The effects of age on the pharmacokinetics of metaxalone were determined following single administration of two 400 mg tablets (800 mg) under fasted and fed conditions. The results were analyzed separately, as well as in combination with the results from three other studies. Using the combined data, the results indicate that the pharmacokinetics of metaxalone are significantly more affected by age under fasted conditions than under fed conditions, with bioavailability under fasted conditions increasing with age.
The bioavailability of metaxalone under fasted and fed conditions in three groups of healthy volunteers of varying age is shown in Table 2.
|Younger Volunteers||Older Volunteers|
|Age (years)||25.6 ± 8.7||39.3 ± 10.8||71.5 ± 5.0|
The effect of gender on the pharmacokinetics of metaxalone was assessed in an open label study, in which 48 healthy adult volunteers (24 males, 24 females) were administered two SKELAXIN 400 mg tablets (800 mg) under fasted conditions. The bioavailability of metaxalone was significantly higher in females compared to males as evidenced by Cmax (2115 ng/mL versus 1335 ng/mL) and AUC∞ (17884 ng·h/mL versus 10328 ng·h/mL). The mean half-life was 11.1 hours in females and 7.6 hours in males. The apparent volume of distribution of metaxalone was approximately 22% higher in males than in females, but not significantly different when adjusted for body weight. Similar findings were also seen when the previously described combined dataset was used in the analysis.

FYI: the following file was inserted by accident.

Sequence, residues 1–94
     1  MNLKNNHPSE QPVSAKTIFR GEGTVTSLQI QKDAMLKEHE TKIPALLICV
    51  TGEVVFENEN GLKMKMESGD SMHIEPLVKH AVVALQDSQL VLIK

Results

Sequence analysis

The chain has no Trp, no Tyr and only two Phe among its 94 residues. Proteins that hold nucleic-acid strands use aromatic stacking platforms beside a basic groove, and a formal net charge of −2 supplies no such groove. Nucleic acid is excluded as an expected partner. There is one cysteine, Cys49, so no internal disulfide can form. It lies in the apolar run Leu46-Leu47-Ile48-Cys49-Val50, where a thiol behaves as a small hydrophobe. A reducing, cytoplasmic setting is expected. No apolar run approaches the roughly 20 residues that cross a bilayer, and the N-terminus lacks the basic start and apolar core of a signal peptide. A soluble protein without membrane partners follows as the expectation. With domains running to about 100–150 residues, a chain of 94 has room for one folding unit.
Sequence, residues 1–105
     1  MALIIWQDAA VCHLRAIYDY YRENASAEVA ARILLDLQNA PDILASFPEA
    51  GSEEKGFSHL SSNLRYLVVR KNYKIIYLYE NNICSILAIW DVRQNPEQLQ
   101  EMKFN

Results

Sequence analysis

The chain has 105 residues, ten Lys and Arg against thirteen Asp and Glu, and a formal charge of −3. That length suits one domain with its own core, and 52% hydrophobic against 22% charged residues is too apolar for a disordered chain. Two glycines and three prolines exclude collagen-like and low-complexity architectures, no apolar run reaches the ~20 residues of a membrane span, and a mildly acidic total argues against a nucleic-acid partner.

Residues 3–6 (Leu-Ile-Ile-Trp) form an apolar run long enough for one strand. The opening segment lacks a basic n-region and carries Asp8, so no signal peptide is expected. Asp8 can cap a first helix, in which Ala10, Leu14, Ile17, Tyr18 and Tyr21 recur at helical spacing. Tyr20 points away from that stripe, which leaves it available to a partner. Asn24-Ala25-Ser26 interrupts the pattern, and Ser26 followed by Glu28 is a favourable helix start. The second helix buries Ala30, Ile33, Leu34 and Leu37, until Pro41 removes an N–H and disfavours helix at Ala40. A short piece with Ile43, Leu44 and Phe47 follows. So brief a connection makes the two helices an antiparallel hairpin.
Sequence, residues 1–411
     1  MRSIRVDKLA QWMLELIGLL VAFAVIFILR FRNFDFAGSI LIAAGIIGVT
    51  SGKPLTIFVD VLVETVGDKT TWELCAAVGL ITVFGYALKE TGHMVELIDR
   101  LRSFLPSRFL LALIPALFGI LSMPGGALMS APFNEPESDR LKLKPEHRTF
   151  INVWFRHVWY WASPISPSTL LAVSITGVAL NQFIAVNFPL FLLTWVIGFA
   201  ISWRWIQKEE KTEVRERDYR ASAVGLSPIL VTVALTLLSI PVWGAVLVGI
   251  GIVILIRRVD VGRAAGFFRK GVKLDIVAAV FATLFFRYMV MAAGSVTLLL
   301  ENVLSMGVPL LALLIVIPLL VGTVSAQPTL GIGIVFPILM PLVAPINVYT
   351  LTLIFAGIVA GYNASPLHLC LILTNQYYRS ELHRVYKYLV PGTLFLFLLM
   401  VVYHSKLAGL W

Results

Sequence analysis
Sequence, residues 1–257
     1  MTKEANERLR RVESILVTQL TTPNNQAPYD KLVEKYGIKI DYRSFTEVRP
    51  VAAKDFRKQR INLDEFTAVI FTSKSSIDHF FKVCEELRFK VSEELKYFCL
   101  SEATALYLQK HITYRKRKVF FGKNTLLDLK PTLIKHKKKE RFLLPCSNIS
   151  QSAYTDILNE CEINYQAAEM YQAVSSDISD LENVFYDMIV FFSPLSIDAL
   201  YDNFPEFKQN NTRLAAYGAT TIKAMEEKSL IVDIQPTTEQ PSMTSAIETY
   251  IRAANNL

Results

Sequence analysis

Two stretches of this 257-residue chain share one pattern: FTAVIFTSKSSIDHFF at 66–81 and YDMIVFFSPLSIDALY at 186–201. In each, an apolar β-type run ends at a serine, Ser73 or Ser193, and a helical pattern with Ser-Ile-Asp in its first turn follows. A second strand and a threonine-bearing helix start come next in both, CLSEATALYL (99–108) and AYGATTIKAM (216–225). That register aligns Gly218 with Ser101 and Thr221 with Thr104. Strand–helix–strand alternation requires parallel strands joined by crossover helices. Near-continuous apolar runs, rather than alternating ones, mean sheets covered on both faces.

SKELAXIN (metaxalone) is indicated as an adjunct to rest, physical therapy, and other measures for the relief of discomforts associated with acute, painful musculoskeletal conditions. The mode of action of this drug has not been clearly identified, but may be related to its sedative properties. Metaxalone does not directly relax tense skeletal muscles in man.
Known hypersensitivity to any components of this product.
Known tendency to drug induced, hemolytic, or other anemias.
Significantly impaired renal or hepatic function.
Metaxalone should be administered with great care to patients with pre-existing liver damage. Serial liver function studies should be performed in these patients.
False-positive Benedict’s tests, due to an unknown reducing substance, have been noted. A glucose-specific test will differentiate findings.
Taking SKELAXIN with food may enhance general CNS depression; elderly patients may be especially susceptible to this CNS effect. (See CLINICAL PHARMACOLOGY: Pharmacokinetics and PRECAUTIONS: Information for Patients).